He began with the 1425 AH/2004 CE Amman Message, the stated goal of which was “to declare what Islam is and what it is not, and what actions represent it and what actions do not.”As part of the development of this message, King Abdullah II had sent the following three questions to 24 of Islam’s greatest international scholars:(1) Who is a Muslim?(2) Is it permissibleto declare someone an apostate (takfir)?(3) Who has the right to undertake issuing fatwas (legal rulings)?
The responses he received led to these “Three Points of the Amman Message”: First, “a precise definition of who is a Muslim” was arrived at through validating all eight Mathhabs (legal schools) - including Sunni, Shi’a and Ibadi Islam, traditional Ash’arism Islamic theology, Islamic Sufi Mysticism, and true Salafi thought.With reference to this initial definition, takfir between Muslims was then forbidden.Last, “the subjective and objective preconditions for the issuing of fatwas” was then set forth - “thereby exposing ignorant and illegitimate edicts in the name of Islam.”The widespread adoption of the Amman Message within the overall modern-day Ummah (nation) of Islam goes a long way to assure “balanced Islamic solutions” for vital issues such as human rights and religious freedom.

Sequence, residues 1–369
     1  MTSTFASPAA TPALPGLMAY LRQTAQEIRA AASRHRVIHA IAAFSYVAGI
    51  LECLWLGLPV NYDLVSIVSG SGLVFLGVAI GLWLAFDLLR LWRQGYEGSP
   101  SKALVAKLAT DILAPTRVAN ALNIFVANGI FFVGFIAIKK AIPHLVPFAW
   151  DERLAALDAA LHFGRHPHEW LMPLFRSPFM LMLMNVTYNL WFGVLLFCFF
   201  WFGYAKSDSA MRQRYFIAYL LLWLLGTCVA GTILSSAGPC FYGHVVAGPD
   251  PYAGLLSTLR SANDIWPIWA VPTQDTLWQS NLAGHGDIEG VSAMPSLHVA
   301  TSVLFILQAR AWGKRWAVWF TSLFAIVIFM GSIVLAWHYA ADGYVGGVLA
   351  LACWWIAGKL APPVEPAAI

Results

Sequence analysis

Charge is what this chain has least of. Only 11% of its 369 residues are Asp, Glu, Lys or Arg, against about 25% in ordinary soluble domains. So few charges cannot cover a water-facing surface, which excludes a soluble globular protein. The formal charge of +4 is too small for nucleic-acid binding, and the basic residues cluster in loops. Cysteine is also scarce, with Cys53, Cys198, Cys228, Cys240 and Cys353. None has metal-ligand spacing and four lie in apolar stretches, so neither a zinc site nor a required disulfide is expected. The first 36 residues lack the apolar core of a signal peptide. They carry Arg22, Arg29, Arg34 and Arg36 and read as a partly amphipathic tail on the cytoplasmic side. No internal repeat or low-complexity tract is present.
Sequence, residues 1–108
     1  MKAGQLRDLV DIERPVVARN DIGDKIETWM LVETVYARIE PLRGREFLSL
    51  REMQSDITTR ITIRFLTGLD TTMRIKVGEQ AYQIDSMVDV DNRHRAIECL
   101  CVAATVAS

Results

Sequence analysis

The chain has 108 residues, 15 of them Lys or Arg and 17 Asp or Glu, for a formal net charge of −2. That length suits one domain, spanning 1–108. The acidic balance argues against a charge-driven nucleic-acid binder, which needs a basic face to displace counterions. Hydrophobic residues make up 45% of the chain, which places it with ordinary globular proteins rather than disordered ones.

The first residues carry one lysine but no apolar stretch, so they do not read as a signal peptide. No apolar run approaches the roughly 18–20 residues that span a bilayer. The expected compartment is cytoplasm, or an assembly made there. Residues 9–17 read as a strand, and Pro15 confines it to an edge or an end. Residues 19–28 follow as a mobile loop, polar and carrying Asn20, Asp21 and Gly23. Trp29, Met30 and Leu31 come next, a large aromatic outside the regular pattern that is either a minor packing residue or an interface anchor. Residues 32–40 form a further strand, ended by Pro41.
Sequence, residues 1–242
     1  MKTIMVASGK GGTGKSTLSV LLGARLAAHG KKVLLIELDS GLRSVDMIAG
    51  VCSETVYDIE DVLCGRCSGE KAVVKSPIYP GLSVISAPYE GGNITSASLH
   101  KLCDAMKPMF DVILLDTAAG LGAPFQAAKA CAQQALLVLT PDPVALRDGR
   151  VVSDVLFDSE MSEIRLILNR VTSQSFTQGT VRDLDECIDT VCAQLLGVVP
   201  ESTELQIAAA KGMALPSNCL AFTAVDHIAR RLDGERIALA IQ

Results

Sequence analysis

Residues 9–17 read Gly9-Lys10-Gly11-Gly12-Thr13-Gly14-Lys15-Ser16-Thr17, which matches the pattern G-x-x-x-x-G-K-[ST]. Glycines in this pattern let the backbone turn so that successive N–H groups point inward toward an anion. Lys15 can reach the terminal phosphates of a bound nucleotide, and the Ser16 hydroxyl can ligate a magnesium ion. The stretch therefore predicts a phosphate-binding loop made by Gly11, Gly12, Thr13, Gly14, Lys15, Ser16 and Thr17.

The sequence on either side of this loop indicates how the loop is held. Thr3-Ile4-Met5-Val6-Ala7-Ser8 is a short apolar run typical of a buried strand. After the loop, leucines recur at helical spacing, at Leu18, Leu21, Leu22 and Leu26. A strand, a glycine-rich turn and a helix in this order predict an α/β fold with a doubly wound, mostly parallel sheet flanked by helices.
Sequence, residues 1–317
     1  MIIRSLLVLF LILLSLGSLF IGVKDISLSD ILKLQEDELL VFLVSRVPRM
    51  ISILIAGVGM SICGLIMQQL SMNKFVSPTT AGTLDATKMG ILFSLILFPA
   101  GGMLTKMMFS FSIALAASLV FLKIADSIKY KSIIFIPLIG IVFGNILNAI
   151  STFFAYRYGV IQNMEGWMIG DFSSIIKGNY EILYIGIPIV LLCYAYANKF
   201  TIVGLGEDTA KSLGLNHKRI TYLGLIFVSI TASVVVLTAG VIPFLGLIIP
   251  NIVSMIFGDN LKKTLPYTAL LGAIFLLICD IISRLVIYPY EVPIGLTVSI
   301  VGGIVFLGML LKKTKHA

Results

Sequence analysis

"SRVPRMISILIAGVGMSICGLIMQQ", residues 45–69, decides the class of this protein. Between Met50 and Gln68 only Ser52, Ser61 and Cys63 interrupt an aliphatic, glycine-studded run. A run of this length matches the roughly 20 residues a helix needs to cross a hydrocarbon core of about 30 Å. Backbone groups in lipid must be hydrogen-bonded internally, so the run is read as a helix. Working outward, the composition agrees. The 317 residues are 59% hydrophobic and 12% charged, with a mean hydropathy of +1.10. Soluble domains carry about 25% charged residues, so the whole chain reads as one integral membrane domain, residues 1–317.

The second major leap towards World Interfaith Harmony that King Abdullah II has made involves the Common Word letter.Under King Abdullah II’s Patronage, the final version of this letter was presented
at a 2007 CE conference in Jordan.It emphasized that “the most fundamental common ground between Islam and Christianity, and the best basis for future dialogue and understanding, is the love of God and the love of the neighbor.”
With these two groundbreaking initiatives already underway, King Abdullah II then went on to the third
harmonious piece.At the 65th UN General Assembly, he introduced a “draft resolution for an annual World
Interfaith Harmony Week.”This resolution was adopted in 2010 CE - and the first week of February will henceforth be dedicated each year to that noble endeavor.